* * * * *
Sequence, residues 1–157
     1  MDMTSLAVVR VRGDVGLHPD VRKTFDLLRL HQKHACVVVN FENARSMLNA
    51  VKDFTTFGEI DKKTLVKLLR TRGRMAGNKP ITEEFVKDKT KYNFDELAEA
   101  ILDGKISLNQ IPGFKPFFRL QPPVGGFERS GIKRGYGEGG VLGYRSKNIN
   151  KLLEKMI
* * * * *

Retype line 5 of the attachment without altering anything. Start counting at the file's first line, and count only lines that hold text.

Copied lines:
   151  KLLEKMI